Many Greenpoint locals and G train straphangers were dismayed by last week’s news of a full-scale shutdown of the line over the summer. But there might be a silver lining to this storm cloud.

In late 2022, the MTA announced its plans to modernize the G train with communications-based train control, which they revealed will require a shutdown of the G train for weeks over the summer. But elected officials hope the MTA can use that downtime to make other much-needed improvements to the system’s shortest line.

Over 20 elected officials have signed a letter urging the MTA to upgrade the G train with additional train cars and service fully extended deeper into Queens — the G train used to terminate at Forest Hills-71st Avenue.

The letter points out the massive population growth neighborhoods served by the G have seen. Despite this boom, the line has not grown to accommodate the number of new passengers.

“The geographic reorganization of work in the COVID-19 era has also led to more New Yorkers traveling more frequently between ‘outer boroughs,’ and fewer to and from Manhattan,” the letter reads in part. “The G is a vital connector. But with only four or five cars, the G is the shortest non-Shuttle train in the entire system, leading commuters to dangerously sprint down the platform to catch the train. Every other line is served by eight cars, ten cars or more.”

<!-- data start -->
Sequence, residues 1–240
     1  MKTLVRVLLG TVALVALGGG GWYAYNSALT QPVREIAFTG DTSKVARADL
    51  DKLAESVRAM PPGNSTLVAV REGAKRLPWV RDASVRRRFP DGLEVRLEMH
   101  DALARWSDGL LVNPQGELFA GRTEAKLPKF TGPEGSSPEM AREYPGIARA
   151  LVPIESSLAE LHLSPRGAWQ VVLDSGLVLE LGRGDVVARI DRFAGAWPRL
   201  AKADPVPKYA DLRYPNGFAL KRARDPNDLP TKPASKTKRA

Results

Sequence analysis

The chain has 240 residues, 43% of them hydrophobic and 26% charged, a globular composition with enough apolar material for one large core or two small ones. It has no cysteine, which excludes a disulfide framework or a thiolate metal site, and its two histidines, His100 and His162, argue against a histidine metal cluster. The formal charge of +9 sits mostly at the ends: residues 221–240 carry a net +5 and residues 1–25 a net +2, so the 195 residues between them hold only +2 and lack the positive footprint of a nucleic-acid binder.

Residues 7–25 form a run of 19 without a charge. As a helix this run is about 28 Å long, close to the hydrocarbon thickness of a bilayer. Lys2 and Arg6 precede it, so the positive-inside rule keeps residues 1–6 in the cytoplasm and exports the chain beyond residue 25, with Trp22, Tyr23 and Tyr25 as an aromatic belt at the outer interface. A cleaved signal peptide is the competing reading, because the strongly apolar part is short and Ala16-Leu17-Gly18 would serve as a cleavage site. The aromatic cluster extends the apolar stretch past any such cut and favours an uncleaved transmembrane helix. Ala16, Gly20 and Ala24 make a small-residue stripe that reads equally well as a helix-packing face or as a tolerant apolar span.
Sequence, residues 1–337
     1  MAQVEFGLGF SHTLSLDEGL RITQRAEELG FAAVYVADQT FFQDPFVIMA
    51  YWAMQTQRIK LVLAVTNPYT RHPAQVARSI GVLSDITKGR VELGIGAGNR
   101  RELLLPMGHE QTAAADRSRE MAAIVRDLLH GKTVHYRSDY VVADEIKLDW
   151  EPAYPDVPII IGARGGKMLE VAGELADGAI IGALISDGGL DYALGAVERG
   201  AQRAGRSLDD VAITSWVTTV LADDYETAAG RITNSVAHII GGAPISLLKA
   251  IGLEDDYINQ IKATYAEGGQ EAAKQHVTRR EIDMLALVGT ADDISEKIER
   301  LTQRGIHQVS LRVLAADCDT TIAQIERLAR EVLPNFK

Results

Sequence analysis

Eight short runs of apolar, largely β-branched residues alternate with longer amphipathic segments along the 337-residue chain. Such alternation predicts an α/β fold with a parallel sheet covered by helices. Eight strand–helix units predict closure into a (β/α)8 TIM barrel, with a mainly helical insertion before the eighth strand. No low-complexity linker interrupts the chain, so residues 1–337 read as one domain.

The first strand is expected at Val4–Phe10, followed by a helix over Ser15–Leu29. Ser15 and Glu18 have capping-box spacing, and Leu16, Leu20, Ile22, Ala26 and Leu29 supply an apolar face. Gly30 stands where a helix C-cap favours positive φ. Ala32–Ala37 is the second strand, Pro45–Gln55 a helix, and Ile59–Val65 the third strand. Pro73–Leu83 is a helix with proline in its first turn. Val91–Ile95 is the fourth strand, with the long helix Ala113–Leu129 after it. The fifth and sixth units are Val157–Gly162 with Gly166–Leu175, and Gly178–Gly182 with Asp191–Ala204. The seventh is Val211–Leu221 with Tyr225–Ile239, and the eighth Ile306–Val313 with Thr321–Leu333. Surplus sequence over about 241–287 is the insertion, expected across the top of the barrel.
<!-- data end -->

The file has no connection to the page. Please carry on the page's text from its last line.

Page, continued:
Assemblymember Emily Gallagher, State Senator Kristen Gonzalez, State Senator Julia Salazar, City Council Member Lincoln Restler, and City Council Member Jennifer Gutiérrez signed the statement.

In a New York State Legislature budget hearing this morning, Assemblymember Gallagher asked Chairman and CEO Janno Lieber directly about the plan.

“We are very grateful that the G train is getting new signals, but that is resulting in a really painful schedule which, I’m accepting, because I know that without pain, there can be no gain,” she said. “But I want bigger gain from this shutdown because I see the G as the new lifeline for New York City activity, because we are growing in Queens, and we are growing in Brooklyn, and the G actually connects all of these.”

Lieber said that the MTA’s decision would be based on looking into population and housing data.

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